Thursday, May 3, 2012

What to Wear to War/India in Flanders Field: The Color of Khaki

Hello, friends. I am musing these days on the color of khaki. One of the most striking and pleasingly historically accurate scenes in the recent film War Horse (which was great, by the way, and upon which I shall comment post-haste) was one in which a group of officers stands before the camera. Modern viewers might be surprised by the veritable spectrum of colors that they wear--olive, moss, tan, bottle green. Uniforms are supposed to be uniform, after all, aren't they? If we explore a bit, however, we find that khaki--which today might conjure up only images of dull cotton trousers sold in mass quantities by major clothing chains--has a fascinatingly, insistently, diverse identity and history.
A scene from War Horse, from The Telegraph's media archive.
The Oxford English Dictionary defines "khaki" as "Dust-coloured; dull brownish yellow, drab." The term appeared and evolved in the mid-nineteenth century, taking its roots in British Imperialist conflict/conquests in India. Early periodicals and publications describe troops "dressed in khakee [sic]," linking the shade closely to the color of dust or mud. Khaki, as it came to be spelled over the later Victorian period, was made in India, and the OED's citations of the term suggest that one of its most hallmark features was, paradoxically, its variation. An 1890s reference book on Indian products comments, in fact, somewhat desultorily, "It is needless to attempt an enumeration of all the Khaki dyes of India."

Writer Viju Mangalore has an interesting and detailed article about the history of khaki production in India, noting its roots in the southwestern city of Mangalore. The Met Museum also has a useful overview of Indian textiles made for trade.

Wikipedia notes that khaki was adopted as a uniform material and color after the 1840s; the cloth was linen or cotton, and its color came from mulberry dye. The British Army used khaki uniforms, according to Wikipedia, for foreign campaigns in the 1890s, with a more greenish, darker, shade becoming typical for "home service dress," after the turn of the twentieth century.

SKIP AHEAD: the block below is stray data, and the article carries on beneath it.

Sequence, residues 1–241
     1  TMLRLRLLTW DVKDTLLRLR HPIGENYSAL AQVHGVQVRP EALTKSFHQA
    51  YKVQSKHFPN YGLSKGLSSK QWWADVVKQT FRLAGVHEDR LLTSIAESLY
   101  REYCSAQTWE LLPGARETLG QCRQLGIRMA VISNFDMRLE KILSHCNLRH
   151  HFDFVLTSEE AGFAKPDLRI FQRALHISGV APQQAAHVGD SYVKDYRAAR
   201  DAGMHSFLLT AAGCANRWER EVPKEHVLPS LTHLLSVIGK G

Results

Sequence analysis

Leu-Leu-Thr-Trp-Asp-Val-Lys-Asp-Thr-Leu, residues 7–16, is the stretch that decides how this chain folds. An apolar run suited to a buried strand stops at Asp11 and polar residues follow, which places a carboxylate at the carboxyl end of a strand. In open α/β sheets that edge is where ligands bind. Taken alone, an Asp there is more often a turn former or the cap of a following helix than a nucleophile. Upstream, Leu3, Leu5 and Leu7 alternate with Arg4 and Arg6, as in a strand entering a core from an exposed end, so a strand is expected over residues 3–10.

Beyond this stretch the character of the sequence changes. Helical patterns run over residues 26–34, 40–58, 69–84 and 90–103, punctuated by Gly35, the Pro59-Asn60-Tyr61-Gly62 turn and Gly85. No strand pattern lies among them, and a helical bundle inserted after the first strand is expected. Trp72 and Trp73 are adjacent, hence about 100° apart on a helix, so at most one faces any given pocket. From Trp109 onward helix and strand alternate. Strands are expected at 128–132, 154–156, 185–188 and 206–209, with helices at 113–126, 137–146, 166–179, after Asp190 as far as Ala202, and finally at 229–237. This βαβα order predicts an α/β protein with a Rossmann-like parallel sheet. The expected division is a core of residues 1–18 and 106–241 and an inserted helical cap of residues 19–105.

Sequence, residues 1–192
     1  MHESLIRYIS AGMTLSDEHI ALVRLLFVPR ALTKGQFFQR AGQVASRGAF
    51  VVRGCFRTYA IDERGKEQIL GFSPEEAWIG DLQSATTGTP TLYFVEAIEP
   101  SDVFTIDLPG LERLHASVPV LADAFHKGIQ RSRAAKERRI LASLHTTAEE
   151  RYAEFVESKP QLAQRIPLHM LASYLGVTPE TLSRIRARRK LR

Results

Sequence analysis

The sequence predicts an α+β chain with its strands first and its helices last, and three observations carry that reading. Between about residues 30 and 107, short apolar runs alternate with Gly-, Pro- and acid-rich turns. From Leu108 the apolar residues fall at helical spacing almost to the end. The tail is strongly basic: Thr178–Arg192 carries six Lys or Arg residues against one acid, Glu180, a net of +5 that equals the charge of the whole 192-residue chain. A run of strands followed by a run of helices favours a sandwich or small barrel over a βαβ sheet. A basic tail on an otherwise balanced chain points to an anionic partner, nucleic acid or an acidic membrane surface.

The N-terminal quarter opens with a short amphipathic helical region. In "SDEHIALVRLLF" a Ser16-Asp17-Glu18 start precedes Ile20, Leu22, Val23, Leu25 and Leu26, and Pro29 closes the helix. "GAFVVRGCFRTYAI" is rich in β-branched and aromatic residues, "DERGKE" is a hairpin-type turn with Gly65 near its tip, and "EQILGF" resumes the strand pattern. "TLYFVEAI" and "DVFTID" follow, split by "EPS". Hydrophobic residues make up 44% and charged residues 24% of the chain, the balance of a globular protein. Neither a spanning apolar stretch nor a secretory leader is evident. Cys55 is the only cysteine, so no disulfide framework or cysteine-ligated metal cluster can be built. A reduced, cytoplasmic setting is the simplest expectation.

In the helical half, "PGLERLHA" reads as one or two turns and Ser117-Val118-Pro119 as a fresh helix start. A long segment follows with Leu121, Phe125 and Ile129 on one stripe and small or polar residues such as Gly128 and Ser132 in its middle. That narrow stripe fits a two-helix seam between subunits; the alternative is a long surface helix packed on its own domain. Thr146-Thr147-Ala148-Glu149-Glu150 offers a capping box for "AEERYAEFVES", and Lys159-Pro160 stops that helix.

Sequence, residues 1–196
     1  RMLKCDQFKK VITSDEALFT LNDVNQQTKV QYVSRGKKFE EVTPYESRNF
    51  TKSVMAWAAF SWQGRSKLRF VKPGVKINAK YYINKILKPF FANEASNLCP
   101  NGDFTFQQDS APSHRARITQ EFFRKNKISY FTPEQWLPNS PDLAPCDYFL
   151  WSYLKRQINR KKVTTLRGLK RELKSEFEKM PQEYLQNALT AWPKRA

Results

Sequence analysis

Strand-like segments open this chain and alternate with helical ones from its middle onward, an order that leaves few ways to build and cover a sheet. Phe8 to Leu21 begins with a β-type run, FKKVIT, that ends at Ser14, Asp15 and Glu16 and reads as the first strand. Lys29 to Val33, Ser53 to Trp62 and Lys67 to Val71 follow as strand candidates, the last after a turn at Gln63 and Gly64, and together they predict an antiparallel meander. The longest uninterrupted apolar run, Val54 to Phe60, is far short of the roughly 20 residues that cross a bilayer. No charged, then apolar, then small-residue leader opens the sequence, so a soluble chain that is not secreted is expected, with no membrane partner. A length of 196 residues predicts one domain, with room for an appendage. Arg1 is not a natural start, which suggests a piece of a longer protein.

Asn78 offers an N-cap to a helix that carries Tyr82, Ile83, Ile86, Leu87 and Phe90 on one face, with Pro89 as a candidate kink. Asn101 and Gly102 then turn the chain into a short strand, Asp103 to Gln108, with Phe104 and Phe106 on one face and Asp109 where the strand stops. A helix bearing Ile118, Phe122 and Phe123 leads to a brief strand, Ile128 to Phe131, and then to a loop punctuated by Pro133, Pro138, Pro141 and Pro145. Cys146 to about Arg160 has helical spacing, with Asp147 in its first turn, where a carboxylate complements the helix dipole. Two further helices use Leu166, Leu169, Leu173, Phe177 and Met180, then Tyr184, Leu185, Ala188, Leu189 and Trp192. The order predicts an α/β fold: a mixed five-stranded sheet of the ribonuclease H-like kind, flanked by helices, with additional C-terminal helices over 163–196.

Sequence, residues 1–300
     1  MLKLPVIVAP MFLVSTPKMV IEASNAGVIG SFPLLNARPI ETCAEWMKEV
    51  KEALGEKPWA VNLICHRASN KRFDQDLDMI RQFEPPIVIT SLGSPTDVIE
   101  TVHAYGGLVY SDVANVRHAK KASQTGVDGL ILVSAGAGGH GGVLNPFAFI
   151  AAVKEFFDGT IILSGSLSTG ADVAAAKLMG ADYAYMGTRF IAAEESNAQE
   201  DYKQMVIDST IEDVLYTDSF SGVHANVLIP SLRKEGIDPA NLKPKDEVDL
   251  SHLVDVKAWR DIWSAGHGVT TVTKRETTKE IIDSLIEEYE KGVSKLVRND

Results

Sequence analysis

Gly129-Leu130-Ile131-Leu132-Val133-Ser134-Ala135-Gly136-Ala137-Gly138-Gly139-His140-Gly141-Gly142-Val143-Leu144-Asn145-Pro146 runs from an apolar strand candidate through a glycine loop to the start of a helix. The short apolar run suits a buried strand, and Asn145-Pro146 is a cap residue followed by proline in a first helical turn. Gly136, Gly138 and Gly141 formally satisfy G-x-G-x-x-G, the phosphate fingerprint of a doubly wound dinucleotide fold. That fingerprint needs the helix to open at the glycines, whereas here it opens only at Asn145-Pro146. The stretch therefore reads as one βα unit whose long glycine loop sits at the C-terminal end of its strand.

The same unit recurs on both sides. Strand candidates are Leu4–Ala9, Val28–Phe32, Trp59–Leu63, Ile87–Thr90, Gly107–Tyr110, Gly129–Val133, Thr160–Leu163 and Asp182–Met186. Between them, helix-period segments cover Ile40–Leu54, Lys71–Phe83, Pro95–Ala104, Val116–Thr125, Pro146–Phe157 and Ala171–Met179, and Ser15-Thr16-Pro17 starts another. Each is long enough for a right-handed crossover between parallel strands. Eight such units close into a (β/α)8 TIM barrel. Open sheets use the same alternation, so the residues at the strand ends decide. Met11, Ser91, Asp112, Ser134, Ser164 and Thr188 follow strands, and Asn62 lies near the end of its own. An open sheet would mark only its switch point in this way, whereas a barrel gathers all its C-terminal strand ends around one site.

"Why Aren't YOU in Khaki?" poster, 1915. © IWM (Art.IWM PST 5153) 
The color of khaki continued to defy conformity into the First World War. As my current dissertation research subject, Siegfried Sassoon, writes in his semi-autobiographical Memoirs of a Fox-Hunting Man and the subsequent Memoirs of an Infantry Officer, Army officers ordered their uniforms from tailors. The tailor's ability to locate the proper shade of khaki, however, was as varied as the cloth itself. Sassoon's fictional alter-ego notes that one man's "shirt and tie were more yellow than khaki" (MFHM, 260) and, later, that a Brigadier is a source of annoyance because of his "light-colored shirt" (MIO, 34). Variation clearly continued to dog the military leaders who sought uniformity during the Great War. 

Barely more than a week before Armistice, Dunhills Tailoring offers uniforms for "Flying Men."
Though the color of khaki cloth is defined in dictionaries and military manuals, its real, material, form was widely varied for our ghosts of 1914. I enjoy this paradox--the appointed uniform color that refuses uniformity. Surely, however, for most soldiers and officers, the mud and dust of the trenches came to cloak that individuality with the grim evidence of service and suffering on the front. Though he notes the confounding multiplicity of khaki in his prose, Sassoon also wrote, in verse published in the 1918 collection, Counter-Attack and Other Poems of "the plastering slime," and "the sucking mud," finding, in these and other phrases, numerous ways of conveying the oppressive conditions of the trenches and battle zones, as though the mud there was active, destructive, covering over all traces of individuality, of life.

I hope that this musing allows you to consider the color of khaki--what it means to us today and what it has meant over its long history, to people in many places around the world. It is far more than just a uniform shade.

© Fiona Robinson


  1. The colour of the poster seems to most closely repesent khaki - although it could be seen in all shades, i'd say the poster colour is best representative. The colour of khaki used on War Horse, especially for the normal Infantry soldiers in the 1914 scenes is way too green, and Officer's colour khaki tended to be of a more greener shade than the 'normal' Service Dress worn by the regular soldiers. Officers also provided their own uniforms, hence the various differing shades in War Horse is accurate - unlike a lot of the film!

  2. Thanks for the detailed comments. Yes, I agree that the differing shades in the officers' uniforms was a nice bit of accuracy, despite the range being a little off. Perhaps there's a dreamy sort of effect added to the scene's realization or we are seeing through the eyes of Joey the horse...It is interesting that the poster captures the most typically associated shade.